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Alexis Gray-Lawson: Will college determination and versatility translate to pro success?

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Chasing the Title rank: 38th overall, 8th among shooting guards/6th among point guards

Chasing the Title description:

"Gray-Lawson ranks 38th overall among the seniors I track. She is in my top 20 for Floor Percentage, Offensive Rebounding Percentage and Stop Percentage. This indicates she is a relatively efficient scorer, a strong rebounder at the guard position and decent defender. She ranks eighth overall among shooting guards on my list this season."

Statistical strengths & weaknesses:

  • Obviously, she can score. But the most underrated strength for Gray-Lawson is her offensive rebounding. On a team that led the conference in offeensive rebounding during conference play, here you have a 5'8" guard who finished 10th in the conference in offensive rebounding, .21 per game behind #7 Jayne Appel. Her turnover percentage of 9% is also noteworthy given how often she handles the ball.
  • Taking stock of Gray-Lawson's weaknesses is an odd task. Sure during conference play -- when producing a quarter of the team's overall production and having a usage rate of 27% -- she had a rather low assist rate of 5.66% and a somewhat disappointing effective field goal percentage of 48% during conference play. But here's what's interesting and perhaps intuitive: she's least efficient and more of a scorer when asked to score heavily but during her junior season her statistical profile as one of a trio of players was almost entirely different -- more assists, lower usage, higher eFG%. Even this year, perhaps the most impressive thing is that she improved greatly over the course of the season -- while her usage was about the same in non-conference play, her eFG% was 8% lower and her 2 point% 10% lower. Shooting worse in non-conference play she doubled her assist rate. It's hard to know what to make of her statistically because aside from rebounding and turnover percentage, everything else seems to change with context.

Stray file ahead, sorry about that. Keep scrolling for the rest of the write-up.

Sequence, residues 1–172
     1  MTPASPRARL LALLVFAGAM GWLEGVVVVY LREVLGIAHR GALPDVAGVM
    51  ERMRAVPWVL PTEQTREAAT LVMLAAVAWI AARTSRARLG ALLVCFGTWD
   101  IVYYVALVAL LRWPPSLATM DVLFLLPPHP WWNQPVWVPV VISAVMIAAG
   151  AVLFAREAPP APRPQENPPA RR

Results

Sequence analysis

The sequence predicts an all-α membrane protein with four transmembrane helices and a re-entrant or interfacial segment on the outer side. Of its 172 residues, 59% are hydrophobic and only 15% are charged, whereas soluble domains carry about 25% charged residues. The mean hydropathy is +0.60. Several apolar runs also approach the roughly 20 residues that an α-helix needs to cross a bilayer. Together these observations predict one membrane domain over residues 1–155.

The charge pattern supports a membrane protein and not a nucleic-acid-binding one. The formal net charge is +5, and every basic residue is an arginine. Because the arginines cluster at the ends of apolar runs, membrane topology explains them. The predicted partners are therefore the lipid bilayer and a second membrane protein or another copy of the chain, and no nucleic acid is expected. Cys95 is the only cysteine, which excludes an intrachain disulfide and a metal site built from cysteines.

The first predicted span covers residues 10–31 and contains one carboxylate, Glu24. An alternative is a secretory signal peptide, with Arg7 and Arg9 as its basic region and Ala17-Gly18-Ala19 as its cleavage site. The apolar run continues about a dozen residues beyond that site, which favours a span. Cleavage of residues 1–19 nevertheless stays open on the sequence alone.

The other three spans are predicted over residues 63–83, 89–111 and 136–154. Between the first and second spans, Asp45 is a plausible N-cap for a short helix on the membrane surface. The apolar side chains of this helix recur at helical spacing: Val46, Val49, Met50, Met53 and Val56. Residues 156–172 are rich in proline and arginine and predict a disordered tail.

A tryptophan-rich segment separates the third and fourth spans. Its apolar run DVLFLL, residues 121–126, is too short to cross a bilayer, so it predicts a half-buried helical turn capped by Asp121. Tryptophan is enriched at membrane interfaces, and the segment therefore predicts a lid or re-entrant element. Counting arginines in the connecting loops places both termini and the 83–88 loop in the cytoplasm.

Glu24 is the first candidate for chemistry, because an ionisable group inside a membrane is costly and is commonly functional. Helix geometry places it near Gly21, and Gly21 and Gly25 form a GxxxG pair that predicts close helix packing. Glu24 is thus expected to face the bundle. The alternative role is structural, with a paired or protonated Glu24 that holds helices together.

Quote from a WNBA insider:

"I think Alexis Gray-Lawson - I watched her last year in the Pac-10 - is quite an impressive player. She can do so many things - I love the way she creates off the dribble. She's a good three point shooter. It just depends on what teams' needs are."

- Los Angeles Sparks head coach Jennifer Gillom during the WNBA pre-draft conference call.

"I think there's no question she'll be drafted. I think first it's just a matter of which team is selecting her, but it's deep - it's a very deep draft - and it's going to go on teams' tastes."

- Minnesota Lynx coach Cheryl Reeve during the WNBA pre-draft conference call.

Quote from a coach:

"Lexi's been a big time player and she shows up when we need her in big games. And tonight was one of those nights where we had to have points and we weren't getting them in other ways. And she really starts to read that as the game goes on and knows when she needs to just kinda take over games.